Sith Realist Resources

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14 Oct 2018 21:18 #327953 by Zephyrus
Replied by Zephyrus on topic Sith Realist Resources
I find, personally, that those who can honestly critique their own beliefs are the ones who are most well-adjusted and psychologically healthy.

If you can't take a hard look at the fallibility of your own belief system, then how can you see it with any perspective?

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14 Oct 2018 21:27 #327954 by ren
Replied by ren on topic Sith Realist Resources
Are your beliefs not the end result of your observations and criticisms?

Like the food you choose to eat, the clothes you choose to wear, the people you choose to have relationships with, etc?

Criticizing your own beliefs is like criticizing your own taste for strawberries or your own love for your children. Not something I would classify as 'well adjusted' or 'psychologically healthy'.

Convictions are more dangerous foes of truth than lies.

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14 Oct 2018 21:29 #327955 by Manu
Replied by Manu on topic Sith Realist Resources

ren wrote: I consider you assertion that I do not accept criticism a personal attack. I have not dismissed criticism as criticism hasn't been served. I simply stated the truth: jedi churches are not the best place to ask for crticism of jedi teachings, christian churches are not the best place to ask for criticism of jesus.

Asking a priest to criticize jesus is not quite the same thing as asking him questions about his faith, which is what you are compairing this discussion to, as if you were dealing with someone who's unaware of the manipulative techniques you are employing.

You are making some rather wild asssumptions and violating totjo's terms of use. Stop it.


It appears that you are also making assumptions. I am not *trying* to employ any manipulative techniques either, for the record.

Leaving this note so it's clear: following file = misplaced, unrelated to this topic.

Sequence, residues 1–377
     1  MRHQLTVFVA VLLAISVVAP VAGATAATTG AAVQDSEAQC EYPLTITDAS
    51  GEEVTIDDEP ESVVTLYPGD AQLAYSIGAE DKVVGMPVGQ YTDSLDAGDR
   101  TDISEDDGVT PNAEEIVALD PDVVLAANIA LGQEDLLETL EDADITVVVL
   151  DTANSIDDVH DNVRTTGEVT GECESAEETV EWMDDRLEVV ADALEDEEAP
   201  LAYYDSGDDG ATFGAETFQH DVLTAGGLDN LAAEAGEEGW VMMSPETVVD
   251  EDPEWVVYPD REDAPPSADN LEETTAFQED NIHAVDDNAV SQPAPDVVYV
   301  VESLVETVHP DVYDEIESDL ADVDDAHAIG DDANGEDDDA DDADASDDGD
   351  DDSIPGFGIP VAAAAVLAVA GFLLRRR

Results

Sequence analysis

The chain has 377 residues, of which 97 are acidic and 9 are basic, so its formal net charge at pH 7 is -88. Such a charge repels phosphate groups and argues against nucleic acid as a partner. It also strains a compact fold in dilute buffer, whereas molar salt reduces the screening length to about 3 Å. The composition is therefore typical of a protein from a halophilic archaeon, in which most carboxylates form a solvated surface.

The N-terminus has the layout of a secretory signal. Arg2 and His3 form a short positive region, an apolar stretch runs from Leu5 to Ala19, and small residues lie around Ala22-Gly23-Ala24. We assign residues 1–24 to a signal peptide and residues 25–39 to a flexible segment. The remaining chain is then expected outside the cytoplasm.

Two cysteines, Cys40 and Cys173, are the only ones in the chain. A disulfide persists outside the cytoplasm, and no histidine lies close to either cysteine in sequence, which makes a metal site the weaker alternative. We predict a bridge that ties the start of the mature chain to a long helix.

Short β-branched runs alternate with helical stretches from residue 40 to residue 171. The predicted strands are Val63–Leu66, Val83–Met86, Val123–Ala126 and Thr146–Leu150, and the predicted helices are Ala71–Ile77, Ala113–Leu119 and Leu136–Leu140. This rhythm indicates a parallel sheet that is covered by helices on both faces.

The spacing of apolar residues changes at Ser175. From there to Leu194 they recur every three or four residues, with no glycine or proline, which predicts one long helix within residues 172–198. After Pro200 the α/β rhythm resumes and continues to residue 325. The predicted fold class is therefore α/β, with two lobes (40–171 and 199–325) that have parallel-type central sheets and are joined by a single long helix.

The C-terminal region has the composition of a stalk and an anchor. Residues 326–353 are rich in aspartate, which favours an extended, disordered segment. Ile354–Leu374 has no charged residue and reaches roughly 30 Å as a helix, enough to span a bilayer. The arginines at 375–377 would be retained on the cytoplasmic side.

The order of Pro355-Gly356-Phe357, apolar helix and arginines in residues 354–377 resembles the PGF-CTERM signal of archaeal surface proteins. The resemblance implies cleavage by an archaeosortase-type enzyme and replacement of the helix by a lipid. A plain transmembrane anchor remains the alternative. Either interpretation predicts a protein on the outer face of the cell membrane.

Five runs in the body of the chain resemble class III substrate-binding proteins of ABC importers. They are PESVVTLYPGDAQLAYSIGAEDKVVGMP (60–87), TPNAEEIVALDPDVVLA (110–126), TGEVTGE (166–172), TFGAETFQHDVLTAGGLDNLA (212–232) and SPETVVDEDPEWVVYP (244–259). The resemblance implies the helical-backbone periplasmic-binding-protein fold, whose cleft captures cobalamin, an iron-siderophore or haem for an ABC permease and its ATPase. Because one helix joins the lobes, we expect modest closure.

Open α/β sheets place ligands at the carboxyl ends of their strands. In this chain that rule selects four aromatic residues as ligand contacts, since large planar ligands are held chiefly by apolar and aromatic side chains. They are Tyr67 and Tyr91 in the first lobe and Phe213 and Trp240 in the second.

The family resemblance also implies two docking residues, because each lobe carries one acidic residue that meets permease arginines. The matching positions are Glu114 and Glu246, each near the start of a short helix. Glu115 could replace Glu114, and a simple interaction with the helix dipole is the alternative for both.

I consider criticism of one’s own faith more valuable from supporters than from dissenters, as those who dissent are quick to latch on to emotional responses based on personal experience, while those who continue in a faith have usually worked through any “moments of crisis” that might have appeared in their lives. Which is why I prefered talking to Catholic priests directly, who were quick to offer criticism of their faith (not Jesus, but official Church stances) , and a reconciliation as well.

Fear is normal. Every person feels fear at some point. Step aggressively toward your fear - that is the step into bravery. - Jocko Willink
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14 Oct 2018 21:32 #327956 by Zephyrus
Replied by Zephyrus on topic Sith Realist Resources
And yet, they'll never be perfect. Good beliefs should change over time as more information is learned. Flexibility is a sign of a healthy person.

I don't agree with what you've said. Let's take Christians, for example. If a Christian believes the Bible is literal, they're just wrong. There's no two ways about it. And, a "good" Christian would continue to examine their beliefs and see if there are issues with them. Perhaps they'd get a book and see what historians and theologians have to say. Perhaps they'd even find out that Jesus was an apocalyptic prophet who was interested in overthrowing the Roman rule at Jerusalem.

Being skeptical is the sign of intellect, and can lead to great wisdom.

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14 Oct 2018 21:41 #327957 by ren
Replied by ren on topic Sith Realist Resources
A church's stance is not one's faith, much like the jedi code is not a totjo management policy...

I am not *trying* to employ any manipulative techniques either, for the record.

I never said you tried, I pointed out you did employ. I saw a strawman in there, and ad hominem at least, possibly more, can't really be arsed to look back :laugh:

Convictions are more dangerous foes of truth than lies.

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14 Oct 2018 21:44 #327958 by Zephyrus
Replied by Zephyrus on topic Sith Realist Resources

ren wrote: A church's stance is not one's faith, much like the jedi code is not a totjo management policy...


Alright?

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14 Oct 2018 21:48 #327959 by Manu
Replied by Manu on topic Sith Realist Resources

ren wrote: I never said you tried, I pointed out you did employ. I saw a strawman in there, and ad hominem at least, possibly more, can't really be arsed to look back :laugh:


Well let’s leave all the assumptions behind us then. I’ve got no beef with you.

I do find it laughable to imply that “good Jedi” never question their faith as part of the process of practicing it.

Fear is normal. Every person feels fear at some point. Step aggressively toward your fear - that is the step into bravery. - Jocko Willink